Skip to comments.Spies, Spooks, And Rock 'n' Roll At Twilight Of The Cold War
Posted on 05/06/2014 2:53:00 AM PDT by WhiskeyX
WASHINGTON -- A pro-Kremlin lawmaker spawned a tsunami of scorn in Russia this week by alleging that Soviet rock star Viktor Tsoi's Perestroika-era anthems were composed by CIA operatives trying to destabilize the Soviet regime.
Friends, acquaintances, and fans of the late frontman of the legendary band, Kino, call the claims ridiculous. But the U.S. government was keenly aware of the power of rock n roll to rattle its Cold War rival, according to Free to Rock, a new documentary that explores the impact of rock music on Soviet society.
The White House, in fact, played a hands-on role in this soft-power strategy when U.S. President Jimmy Carters administration helped send the Nitty Gritty Dirt Band to the Soviet Union in 1977 for the first tour of an American rock band on Soviet soil, said Jim Brown, the films New York-based producer.
(Excerpt) Read more at rferl.org ...
I’ve always found it odd that most American musicians are, at heart, socialists, yet they were considered “subversive” in the Soviet Union.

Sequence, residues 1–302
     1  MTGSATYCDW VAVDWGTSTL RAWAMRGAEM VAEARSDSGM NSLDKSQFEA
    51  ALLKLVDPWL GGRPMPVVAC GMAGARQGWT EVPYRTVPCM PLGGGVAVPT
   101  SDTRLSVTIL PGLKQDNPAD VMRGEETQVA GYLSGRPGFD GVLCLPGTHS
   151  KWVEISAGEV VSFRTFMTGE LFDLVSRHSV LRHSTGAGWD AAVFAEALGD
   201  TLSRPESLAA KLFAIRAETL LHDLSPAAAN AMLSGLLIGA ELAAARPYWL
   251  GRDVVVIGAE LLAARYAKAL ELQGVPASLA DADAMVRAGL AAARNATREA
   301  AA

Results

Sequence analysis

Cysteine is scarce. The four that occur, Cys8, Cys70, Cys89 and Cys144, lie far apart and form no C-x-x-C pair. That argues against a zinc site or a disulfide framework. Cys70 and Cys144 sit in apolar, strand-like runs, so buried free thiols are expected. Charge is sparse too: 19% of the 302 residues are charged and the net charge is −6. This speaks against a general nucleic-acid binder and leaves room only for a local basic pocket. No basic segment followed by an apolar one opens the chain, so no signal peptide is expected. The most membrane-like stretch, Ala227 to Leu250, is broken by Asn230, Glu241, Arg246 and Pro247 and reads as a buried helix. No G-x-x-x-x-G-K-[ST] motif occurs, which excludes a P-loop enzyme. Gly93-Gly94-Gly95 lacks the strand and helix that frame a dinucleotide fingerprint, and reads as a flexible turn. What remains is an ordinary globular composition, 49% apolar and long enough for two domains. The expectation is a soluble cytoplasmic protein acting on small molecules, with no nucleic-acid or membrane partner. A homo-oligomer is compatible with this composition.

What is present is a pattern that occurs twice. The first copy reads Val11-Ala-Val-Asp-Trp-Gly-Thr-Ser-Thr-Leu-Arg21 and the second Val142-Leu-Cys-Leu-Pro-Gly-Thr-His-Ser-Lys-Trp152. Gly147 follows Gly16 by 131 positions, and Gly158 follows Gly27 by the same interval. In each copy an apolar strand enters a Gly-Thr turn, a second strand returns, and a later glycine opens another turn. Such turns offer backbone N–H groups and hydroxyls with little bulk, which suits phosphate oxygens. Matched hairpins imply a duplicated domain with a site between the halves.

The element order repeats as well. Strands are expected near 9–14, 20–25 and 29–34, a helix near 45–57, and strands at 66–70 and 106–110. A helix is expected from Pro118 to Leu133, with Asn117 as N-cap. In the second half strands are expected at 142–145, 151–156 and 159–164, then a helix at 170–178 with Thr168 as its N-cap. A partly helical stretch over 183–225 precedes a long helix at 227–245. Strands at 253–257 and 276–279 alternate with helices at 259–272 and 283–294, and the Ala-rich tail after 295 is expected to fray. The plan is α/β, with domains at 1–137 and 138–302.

Second, many---not all, but many of the rockers we interviewed have become quite conservative.
Most actor/musicians in the limelight know they have to play the game. Some of the liberalism is tantamount to biting the pillow on the casting couch.
Follow the money. For musicians, this means popularity, not intellectual, moral, or political consistency. The easiest path is to play and say whatever appeals (”freedom”), and that easily results in a different set of rules (”subversion”). The difference between countries or regions is the prevailing understanding of what is virtuous and what is vicious, what is allowed and what is punishable by those in charge. Many musicians were subversive here as well, not against the conservative communists dictators, but against the conservative Christian parents.
Yep, because nobody rocked liked the “Nitty Gritty Dirt Band.” LOL!
Yep, still have the vinyl...including the original Will the Circle Remain Unbroken.
The Soviets were perfectly fine with the Western musicians spreading anti-establishment and counterculture in their home nations, but at the same time they were considered “subversive western influence” in USSR.
It is the Hegelian Dialectic.
This is exactly what I learned during my interviews with rockers for my chapter in “Seven Events That Made America America”
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